Portsmouth Naval Shipyard is exempt from a government-wide hiring freeze imposed by the Trump administration, federal officials announced Thursday.

On Jan. 23, President Trump issued a memorandum ordering a hiring freeze at “all executive departments and agencies regardless of the sources of their operational and programmatic funding.” While military personnel were exempt from the freeze, it was unclear whether that exemption extended to civilian workers at the Portsmouth Naval Shipyard in Kittery as well as other public shipyards and defense facilities nationwide.

In response, Portsmouth Naval Shipyard reportedly sent letters to several new hires indefinitely delaying their start dates.

On Wednesday, the Department of Defense issued a follow-up memo saying that shipyard workers involved in the maintenance of ships would also be exempt. U.S. Sen. Jeanne Shaheen, D-New Hampshire, said Thursday that Defense Department officials confirmed the exemption for the Kittery facility.

“I’m very pleased that the Department of Defense heeded our call to exempt shipyard employees from President Trump’s hiring freeze so that the Portsmouth Naval Shipyard, and all of our nation’s public shipyards, can continue to fulfill their missions,” Shaheen said in a statement. “The Portsmouth Naval Shipyard, along with the civilian employees who work there, are integral to our national security. Today’s announcement allows the Portsmouth Naval Shipyard to continue local hiring to ensure that critical maintenance requirements are met so our submarine fleet can address security challenges around the world.”

Senators representing states with naval shipyards – including Sens. Susan Collins, R-Maine, and Angus King, I-Maine, as well as Shaheen and Maggie Hassan, D-New Hampshire – had written a letter to Secretary of Defense James Mattis last week requesting an exemption for shipyard workers. In their letter, the senators noted that both the president and the Navy have called for increasing the size of the Navy’s fleet from roughly 280 ships to 350 or more ships.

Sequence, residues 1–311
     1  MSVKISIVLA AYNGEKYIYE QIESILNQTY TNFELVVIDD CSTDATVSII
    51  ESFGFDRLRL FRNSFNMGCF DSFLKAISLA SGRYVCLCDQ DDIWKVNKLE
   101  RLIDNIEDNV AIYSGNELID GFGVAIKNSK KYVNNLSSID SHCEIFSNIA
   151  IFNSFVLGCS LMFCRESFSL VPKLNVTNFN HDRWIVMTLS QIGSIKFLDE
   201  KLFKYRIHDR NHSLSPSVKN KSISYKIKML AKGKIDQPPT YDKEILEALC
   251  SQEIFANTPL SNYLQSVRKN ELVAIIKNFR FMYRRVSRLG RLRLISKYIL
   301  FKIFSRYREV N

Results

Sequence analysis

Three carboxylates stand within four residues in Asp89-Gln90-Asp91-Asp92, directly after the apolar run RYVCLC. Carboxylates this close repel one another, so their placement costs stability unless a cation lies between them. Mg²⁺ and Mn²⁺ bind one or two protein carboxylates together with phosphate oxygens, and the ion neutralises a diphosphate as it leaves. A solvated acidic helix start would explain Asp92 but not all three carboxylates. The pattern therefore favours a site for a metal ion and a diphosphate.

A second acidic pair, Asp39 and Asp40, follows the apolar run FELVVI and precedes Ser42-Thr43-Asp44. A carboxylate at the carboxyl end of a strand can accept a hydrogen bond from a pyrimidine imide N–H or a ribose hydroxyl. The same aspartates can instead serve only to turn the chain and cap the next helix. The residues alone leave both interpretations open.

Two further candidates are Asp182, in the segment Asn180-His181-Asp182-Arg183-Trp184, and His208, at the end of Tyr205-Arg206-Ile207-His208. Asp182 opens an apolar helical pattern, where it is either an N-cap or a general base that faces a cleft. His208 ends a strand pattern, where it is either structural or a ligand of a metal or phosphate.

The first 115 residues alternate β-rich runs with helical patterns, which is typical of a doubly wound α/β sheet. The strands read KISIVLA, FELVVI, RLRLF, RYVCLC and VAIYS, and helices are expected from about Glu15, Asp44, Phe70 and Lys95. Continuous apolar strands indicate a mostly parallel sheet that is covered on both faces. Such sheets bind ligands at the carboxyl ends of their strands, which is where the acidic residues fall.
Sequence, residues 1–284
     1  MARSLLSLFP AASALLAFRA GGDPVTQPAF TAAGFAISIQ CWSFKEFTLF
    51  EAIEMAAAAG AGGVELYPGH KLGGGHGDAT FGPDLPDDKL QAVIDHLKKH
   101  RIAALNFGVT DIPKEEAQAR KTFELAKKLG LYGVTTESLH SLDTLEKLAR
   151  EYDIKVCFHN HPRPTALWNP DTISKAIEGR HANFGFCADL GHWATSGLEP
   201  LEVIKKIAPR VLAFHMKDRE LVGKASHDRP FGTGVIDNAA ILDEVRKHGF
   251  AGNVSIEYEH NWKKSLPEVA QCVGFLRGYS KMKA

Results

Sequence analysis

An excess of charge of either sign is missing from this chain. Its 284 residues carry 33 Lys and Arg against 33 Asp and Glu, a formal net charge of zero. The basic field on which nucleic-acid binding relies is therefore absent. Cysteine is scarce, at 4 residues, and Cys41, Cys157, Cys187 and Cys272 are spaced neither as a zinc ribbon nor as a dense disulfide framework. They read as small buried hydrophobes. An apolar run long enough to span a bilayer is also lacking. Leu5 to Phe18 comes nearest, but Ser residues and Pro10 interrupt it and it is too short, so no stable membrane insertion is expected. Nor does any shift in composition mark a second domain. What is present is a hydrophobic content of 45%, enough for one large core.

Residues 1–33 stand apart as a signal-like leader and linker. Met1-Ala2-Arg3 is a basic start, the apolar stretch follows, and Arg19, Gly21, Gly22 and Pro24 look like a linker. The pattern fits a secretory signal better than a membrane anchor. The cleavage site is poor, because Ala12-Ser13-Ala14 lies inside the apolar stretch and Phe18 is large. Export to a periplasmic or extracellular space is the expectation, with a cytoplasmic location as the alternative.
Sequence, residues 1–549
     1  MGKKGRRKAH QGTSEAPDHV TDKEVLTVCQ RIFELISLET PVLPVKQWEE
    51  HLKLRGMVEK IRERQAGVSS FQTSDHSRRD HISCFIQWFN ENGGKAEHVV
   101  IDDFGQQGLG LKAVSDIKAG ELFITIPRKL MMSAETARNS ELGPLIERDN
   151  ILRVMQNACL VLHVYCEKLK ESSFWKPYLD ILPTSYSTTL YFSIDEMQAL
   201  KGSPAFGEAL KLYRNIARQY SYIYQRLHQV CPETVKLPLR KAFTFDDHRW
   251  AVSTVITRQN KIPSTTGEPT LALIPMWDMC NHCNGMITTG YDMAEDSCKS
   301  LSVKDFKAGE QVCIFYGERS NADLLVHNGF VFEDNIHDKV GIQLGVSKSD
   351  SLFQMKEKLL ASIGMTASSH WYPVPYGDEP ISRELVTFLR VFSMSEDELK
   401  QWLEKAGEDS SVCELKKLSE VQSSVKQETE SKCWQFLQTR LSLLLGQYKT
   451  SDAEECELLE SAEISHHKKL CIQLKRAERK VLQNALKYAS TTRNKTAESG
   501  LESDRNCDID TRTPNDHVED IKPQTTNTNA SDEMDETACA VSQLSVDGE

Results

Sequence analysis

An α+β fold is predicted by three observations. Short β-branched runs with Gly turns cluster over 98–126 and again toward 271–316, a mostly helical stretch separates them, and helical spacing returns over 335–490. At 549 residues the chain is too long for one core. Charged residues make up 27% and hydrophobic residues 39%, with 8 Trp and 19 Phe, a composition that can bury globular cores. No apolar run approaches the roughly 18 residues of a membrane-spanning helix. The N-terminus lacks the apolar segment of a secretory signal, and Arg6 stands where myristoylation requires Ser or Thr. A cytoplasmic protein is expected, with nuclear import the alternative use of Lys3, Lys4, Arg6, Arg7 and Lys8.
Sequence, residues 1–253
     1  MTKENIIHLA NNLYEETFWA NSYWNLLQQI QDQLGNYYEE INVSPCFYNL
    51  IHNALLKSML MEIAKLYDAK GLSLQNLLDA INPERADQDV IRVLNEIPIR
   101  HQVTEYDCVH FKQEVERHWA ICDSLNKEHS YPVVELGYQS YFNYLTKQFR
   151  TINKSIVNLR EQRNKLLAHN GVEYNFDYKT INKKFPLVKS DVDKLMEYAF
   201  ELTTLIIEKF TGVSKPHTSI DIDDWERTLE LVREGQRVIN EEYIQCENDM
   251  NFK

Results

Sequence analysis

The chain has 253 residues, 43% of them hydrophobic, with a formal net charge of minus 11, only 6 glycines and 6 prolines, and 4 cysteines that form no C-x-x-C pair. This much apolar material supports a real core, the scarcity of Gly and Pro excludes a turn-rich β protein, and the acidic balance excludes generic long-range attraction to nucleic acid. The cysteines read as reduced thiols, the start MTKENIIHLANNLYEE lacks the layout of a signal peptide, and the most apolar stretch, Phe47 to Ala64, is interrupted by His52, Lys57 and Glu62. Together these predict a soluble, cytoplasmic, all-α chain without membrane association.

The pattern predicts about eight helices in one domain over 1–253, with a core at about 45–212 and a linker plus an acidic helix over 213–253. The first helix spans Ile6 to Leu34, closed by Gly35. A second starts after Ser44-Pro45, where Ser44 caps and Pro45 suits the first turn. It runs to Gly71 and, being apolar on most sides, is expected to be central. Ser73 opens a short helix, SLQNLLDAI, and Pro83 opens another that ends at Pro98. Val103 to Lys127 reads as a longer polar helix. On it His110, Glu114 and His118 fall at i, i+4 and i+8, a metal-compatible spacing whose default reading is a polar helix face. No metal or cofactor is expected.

“The public shipyards are currently hiring hundreds of new employees who must complete years of training before they are able to maintain and repair naval vessels,” the letter said. “A civilian hiring freeze at naval shipyards will severely impact this training pipeline resulting in maintenance delays and higher costs. The Presidential Memorandum states that the freeze is not intended to impact national security, however, freezing the hiring of civilian employees who will support critical fleet maintenance will directly undermine national security.”

One of four public Navy shipyards nationwide, the Portsmouth Naval Shipyard is responsible for repairs and maintenance of the Navy’s Los Angeles-class nuclear-powered submarines. The shipyard employed more than 6,000 workers last year, the vast majority of them civilians.

Kevin Miller can be contacted at 791-6312 or at:

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